This paper extends recent research into the usefulness of volunteered photos for land cover extraction, and investigates whether this usefulness can be automatically assessed by an easily accessible, off-the-shelf neural network pre-trained on a variety of scene characteristics. Geo-tagged photographs are sometimes presented to volunteers as part of a game which requires them to extract relevant facts about land use. The challenge is to select the most relevant photographs in order to most efficiently extract the useful information while maintaining the engagement and interests of volunteers. By repurposing an existing network which had been trained on an extensive library of potentially relevant features, we can quickly carry out initial assessments of the general value of this approach, pick out especially salient features, and identify focus areas for future neural network training and development. We compare two approaches to extract land cover information from the network: a simple post hoc weighting approach accessible to non-technical audiences and a more complex decision tree approach that involves training on domain-specific features of interest. Both approaches had reasonable success in characterizing human influence within a scene when identifying the land use types (as classified by Urban Atlas) present within a buffer around the photograph’s location. This work identifies important limitations and opportunities for using volunteered photographs as follows: (1) the false precision of a photograph’s location is less useful for identifying on-the-spot land cover than the information it can give on neighbouring combinations of land cover; (2) ground-acquired photographs, interpreted by a neural network, can supplement plan view imagery by identifying features which will never be discernible from above; (3) when dealing with contexts where there are very few exemplars of particular classes, an independent a posteriori weighting of existing scene attributes and categories can buffer against over-specificity.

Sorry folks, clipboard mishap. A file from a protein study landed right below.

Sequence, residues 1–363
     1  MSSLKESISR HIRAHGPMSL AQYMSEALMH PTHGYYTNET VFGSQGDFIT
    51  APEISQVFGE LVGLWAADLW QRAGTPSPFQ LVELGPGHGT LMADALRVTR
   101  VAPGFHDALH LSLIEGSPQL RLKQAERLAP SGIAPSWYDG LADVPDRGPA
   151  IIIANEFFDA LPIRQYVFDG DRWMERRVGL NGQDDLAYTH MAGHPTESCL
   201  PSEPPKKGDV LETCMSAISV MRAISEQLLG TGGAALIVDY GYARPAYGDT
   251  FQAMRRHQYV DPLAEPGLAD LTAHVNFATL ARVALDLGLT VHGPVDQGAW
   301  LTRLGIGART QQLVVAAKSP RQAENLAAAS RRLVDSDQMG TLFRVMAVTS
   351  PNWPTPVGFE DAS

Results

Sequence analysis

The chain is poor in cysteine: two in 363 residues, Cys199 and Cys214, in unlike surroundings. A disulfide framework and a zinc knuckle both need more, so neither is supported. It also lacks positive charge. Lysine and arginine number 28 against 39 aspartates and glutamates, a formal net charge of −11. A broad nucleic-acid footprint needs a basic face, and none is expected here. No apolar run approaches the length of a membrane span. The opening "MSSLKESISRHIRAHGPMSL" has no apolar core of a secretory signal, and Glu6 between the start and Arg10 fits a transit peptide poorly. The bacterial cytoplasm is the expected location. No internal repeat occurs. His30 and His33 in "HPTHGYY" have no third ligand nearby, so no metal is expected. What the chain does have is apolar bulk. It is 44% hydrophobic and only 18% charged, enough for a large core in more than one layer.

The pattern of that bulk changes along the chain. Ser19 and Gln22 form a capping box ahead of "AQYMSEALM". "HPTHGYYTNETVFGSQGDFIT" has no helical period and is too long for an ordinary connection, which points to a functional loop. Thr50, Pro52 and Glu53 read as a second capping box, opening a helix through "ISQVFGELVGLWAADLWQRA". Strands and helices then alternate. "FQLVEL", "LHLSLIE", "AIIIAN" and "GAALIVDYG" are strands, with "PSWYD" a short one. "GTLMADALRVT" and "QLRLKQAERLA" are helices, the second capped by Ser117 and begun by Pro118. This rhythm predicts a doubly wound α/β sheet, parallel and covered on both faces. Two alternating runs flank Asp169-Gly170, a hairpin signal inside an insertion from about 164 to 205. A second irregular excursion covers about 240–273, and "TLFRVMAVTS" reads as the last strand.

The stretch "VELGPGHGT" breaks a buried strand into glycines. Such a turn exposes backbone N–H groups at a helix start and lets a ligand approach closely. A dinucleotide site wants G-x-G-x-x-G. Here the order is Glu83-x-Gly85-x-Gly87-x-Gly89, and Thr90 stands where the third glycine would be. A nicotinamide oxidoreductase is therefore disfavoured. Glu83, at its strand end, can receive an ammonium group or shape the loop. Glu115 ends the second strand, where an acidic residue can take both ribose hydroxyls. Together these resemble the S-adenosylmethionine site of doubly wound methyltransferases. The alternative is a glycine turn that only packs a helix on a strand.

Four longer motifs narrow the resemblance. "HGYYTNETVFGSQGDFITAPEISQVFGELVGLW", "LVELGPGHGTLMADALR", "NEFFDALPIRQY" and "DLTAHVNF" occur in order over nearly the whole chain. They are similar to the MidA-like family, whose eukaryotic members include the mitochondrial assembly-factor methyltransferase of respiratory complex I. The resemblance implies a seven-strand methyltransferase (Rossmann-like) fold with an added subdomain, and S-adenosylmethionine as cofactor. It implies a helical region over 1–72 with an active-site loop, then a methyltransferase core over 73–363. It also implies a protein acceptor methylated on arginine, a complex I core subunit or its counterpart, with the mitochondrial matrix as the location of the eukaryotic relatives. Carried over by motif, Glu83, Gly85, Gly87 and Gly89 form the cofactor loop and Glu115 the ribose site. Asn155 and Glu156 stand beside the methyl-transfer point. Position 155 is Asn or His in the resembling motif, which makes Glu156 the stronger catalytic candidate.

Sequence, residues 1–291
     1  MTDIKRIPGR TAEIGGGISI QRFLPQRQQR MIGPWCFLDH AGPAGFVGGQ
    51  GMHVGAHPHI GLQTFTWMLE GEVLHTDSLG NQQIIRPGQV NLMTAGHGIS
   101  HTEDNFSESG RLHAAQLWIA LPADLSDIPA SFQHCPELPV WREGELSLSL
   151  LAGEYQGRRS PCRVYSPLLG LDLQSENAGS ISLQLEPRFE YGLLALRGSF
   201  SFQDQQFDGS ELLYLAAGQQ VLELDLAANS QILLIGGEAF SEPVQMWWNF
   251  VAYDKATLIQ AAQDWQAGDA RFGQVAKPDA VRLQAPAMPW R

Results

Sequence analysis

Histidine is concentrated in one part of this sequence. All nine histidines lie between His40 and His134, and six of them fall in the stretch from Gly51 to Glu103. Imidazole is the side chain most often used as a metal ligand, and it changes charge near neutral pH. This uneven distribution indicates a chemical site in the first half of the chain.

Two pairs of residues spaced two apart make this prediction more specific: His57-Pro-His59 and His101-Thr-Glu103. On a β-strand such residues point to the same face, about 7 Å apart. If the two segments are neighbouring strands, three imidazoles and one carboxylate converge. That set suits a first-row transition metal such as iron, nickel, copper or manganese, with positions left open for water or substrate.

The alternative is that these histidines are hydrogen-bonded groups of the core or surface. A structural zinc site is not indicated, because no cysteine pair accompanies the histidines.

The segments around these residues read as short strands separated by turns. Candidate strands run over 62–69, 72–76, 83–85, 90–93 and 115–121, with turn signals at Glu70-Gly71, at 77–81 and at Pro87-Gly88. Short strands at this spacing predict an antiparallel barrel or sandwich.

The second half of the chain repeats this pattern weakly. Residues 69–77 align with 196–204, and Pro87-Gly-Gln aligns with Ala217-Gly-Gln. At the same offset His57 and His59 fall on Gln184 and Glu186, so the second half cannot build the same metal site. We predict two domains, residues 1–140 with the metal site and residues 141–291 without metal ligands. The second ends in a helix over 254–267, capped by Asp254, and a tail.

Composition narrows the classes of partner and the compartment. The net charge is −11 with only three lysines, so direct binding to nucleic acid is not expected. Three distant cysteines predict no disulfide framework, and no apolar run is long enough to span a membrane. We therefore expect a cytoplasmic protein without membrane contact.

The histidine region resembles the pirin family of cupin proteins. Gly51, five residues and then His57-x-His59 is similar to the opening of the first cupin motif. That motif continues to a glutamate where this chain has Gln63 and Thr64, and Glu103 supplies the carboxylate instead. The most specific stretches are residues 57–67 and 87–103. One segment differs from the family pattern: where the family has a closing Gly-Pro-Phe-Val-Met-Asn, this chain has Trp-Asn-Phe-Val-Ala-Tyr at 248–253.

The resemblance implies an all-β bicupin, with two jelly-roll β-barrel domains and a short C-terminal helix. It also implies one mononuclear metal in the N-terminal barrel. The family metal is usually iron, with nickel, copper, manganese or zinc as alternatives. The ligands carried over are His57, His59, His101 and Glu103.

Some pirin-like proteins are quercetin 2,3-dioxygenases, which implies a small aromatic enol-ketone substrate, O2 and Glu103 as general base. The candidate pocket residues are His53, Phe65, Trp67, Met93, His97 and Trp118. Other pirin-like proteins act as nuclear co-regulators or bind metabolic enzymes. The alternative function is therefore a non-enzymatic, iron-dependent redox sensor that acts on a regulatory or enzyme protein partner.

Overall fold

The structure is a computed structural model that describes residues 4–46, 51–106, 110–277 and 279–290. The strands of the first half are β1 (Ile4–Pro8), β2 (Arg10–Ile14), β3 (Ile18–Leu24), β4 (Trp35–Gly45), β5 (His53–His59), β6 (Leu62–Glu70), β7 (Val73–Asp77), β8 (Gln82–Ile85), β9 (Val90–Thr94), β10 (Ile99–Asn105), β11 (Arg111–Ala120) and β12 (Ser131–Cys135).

Bibliographical note© 2017 Wuhan University. Published by Taylor & Francis Group.
This is an Open Access article distributed under the terms of the Creative Commons Attribution License (http://creativecommons.org/licenses/by/4.0/), which permits unrestricted use, distribution, and reproduction in any medium, provided the original work is properly cited.
Funding: COST Action [grant number TD1202] ‘Mapping and the Citizen Sensor’.
- convolutional neural network
- Land cover
- land use
- machine learning
- volunteered geographic information (VGI)